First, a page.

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Don’t let the holidays stress you out

Posted on November 29, 2013

“They weren’t thinking logically amidst the hyperarousal and stress” consumer psychologist Kit Yarrow, PhD, about the neuropsychologic influences associated with shopping.

Does this sound familiar? As crowds of people rush out today on Black Friday I sit and wonder what is it that motivates people to go out and surround themselves with throngs of people all rushing to get the best “bargains” this holidayseason. It turns out I’m not the only one trying to understand why people subject themselves to the madness of the holiday shopping season.

Dr Kit Yarrow, PhD, consumer psychologist and professor at Golden Gate University studies this very issue. I came across an interesting article in Medscape, about Why We Shop: The Neuropsychology of Consumption.

While saving and bargain hunting are certainly motivators for some, tradition and spending time with family is another reason for many. Whether you’re motivated by the dollar or nostalgic for tradition, it appears that much of your behavior is tied to emotions and the connections that we have with other people. Regardless of your reasoning there is a neurologic connection with the parts of your brain associated with emotion that are activated when you shop.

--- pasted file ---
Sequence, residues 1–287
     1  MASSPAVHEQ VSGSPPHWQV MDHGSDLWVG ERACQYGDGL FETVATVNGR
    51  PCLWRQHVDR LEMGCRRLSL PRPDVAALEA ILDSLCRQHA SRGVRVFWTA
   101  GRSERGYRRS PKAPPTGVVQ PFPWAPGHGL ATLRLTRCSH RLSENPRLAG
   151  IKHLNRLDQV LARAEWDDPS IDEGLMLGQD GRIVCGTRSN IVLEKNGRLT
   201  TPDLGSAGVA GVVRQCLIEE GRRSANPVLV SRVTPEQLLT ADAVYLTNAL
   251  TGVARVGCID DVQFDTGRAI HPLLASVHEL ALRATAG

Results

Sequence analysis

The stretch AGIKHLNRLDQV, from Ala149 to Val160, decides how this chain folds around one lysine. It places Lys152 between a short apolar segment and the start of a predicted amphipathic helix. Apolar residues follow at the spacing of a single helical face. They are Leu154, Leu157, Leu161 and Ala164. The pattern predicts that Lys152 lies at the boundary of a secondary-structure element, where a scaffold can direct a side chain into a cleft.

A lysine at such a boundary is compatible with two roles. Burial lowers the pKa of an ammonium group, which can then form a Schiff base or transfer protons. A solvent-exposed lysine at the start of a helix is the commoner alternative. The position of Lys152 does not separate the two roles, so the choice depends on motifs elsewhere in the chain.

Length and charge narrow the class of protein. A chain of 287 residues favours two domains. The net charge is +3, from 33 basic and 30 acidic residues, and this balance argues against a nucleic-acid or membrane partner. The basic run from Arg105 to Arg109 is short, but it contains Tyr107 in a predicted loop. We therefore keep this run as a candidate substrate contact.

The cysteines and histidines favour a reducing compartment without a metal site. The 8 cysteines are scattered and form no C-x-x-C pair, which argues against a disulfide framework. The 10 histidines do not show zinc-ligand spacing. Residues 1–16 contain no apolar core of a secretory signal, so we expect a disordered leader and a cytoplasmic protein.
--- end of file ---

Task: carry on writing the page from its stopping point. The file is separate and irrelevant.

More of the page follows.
Keep in mind that the responses that we have when shopping are not all reward by any means. Because of the increase in stress that comes with a crowded, sensory overloaded shopping experience we are often times making decisions that are more reactive than thoughtful.

So while you’re rushing out to buy that last minute holiday gift or fighting the crowds to get the best deals, let’s not forget what we’re doing in the first place. We are usually getting gifts for the people in our lives that are important to us. Perhaps the gift that we can give them that gives back to you in healthy ways is to simply spend time with them and treasure those moments as gifts.

Eat good food and drive carefully,

Sam